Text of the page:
Saturday, October 14, 2006
Just about everybody who listens to National Public Radio who is not actually left wing knows that NPR is decidedly left-of-center in its orientation. Even the occasional lefty is willing to admit this. Indeed, Ezra Klein believes that Air America failed because it could not draw sufficient audience from NPR:
The liberal radio market was actually quite crowded, mainly due to the overwhelming popularity of NPR. The impacts of Pacifica and so forth strike me as quite small, but radio wasn't a wasteland for lefties before Franken and Co. signed on -- indeed, nearly every liberal I know listened and listens loyally to NPR. Hell, half of them own NPR gear. And very few of them were looking for something more pugilistic, sharp-edged, or even exciting to replace their beloved public stations.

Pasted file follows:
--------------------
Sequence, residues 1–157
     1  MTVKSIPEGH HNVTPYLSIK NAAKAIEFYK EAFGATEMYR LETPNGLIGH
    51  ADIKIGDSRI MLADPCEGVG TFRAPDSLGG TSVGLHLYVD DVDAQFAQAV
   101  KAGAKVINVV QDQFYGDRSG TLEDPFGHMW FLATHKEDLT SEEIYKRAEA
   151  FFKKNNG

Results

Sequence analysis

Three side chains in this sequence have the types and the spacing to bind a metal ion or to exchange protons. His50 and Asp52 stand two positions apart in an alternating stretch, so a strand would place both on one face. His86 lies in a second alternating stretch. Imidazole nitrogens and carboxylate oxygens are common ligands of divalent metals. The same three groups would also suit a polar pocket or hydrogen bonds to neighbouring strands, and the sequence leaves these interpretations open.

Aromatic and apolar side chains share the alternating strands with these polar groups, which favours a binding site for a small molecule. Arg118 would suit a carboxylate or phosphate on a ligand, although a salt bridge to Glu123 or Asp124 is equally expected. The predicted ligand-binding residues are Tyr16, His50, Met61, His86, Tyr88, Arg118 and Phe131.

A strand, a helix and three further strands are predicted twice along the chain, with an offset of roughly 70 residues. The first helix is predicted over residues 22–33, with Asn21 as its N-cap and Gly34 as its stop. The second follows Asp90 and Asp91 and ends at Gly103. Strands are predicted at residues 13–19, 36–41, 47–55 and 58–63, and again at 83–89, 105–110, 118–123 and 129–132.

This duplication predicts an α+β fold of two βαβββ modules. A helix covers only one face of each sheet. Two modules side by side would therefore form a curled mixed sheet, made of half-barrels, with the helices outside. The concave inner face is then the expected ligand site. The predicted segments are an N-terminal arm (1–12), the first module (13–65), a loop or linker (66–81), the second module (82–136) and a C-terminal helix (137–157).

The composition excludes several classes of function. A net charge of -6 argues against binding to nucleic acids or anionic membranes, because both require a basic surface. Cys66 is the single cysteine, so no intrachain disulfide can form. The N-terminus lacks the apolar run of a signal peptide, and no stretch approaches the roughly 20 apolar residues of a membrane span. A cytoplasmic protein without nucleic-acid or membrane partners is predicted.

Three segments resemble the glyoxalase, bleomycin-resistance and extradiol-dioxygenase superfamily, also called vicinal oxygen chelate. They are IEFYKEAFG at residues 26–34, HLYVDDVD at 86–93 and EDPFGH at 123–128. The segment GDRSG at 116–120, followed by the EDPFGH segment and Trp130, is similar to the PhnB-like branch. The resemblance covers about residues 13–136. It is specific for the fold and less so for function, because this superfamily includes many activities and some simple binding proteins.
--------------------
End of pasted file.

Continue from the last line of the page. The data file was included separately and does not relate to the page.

NPR gear?!? OK, I admit I own one of these, but I didn't pay for it. And anyway, it is catchy enough to draw the occasional comment in the Nassau Street Starbucks.
Read Ezra's entire post, which sharply explains why it is a bad idea for liberals to adopt the political tactics of conservatives:
The nascent progressive movement is trying to replicate a structure that works for conservatives. That's not necessarily the path to take. Liberals need to create a failure-accepting and chaotic funding structure that allows them to develop the sort of vast left-wing conspiracy that's well-suited to and popular among the left-wing.